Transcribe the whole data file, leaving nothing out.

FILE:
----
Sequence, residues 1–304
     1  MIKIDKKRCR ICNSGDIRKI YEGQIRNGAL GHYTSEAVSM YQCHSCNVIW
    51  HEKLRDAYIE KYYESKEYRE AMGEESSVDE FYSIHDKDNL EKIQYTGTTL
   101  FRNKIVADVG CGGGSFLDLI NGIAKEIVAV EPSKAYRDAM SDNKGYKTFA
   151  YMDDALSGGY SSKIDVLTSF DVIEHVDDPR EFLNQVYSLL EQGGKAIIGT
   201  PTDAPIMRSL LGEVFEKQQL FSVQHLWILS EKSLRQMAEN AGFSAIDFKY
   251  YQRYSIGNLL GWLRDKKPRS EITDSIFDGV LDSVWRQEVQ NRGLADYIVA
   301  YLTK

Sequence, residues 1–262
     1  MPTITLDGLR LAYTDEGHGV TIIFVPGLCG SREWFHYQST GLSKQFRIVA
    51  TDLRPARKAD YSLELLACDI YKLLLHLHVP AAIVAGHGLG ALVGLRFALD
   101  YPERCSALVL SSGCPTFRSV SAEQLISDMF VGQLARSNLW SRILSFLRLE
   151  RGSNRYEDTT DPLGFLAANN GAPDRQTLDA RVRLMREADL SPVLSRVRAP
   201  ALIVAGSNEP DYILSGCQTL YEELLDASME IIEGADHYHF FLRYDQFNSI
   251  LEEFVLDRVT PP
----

Sequence, residues 1–304
     1  MIKIDKKRCR ICNSGDIRKI YEGQIRNGAL GHYTSEAVSM YQCHSCNVIW
    51  HEKLRDAYIE KYYESKEYRE AMGEESSVDE FYSIHDKDNL EKIQYTGTTL
   101  FRNKIVADVG CGGGSFLDLI NGIAKEIVAV EPSKAYRDAM SDNKGYKTFA
   151  YMDDALSGGY SSKIDVLTSF DVIEHVDDPR EFLNQVYSLL EQGGKAIIGT
   201  PTDAPIMRSL LGEVFEKQQL FSVQHLWILS EKSLRQMAEN AGFSAIDFKY
   251  YQRYSIGNLL GWLRDKKPRS EITDSIFDGV LDSVWRQEVQ NRGLADYIVA
   301  YLTK

Sequence, residues 1–262
     1  MPTITLDGLR LAYTDEGHGV TIIFVPGLCG SREWFHYQST GLSKQFRIVA
    51  TDLRPARKAD YSLELLACDI YKLLLHLHVP AAIVAGHGLG ALVGLRFALD
   101  YPERCSALVL SSGCPTFRSV SAEQLISDMF VGQLARSNLW SRILSFLRLE
   151  RGSNRYEDTT DPLGFLAANN GAPDRQTLDA RVRLMREADL SPVLSRVRAP
   201  ALIVAGSNEP DYILSGCQTL YEELLDASME IIEGADHYHF FLRYDQFNSI
   251  LEEFVLDRVT PP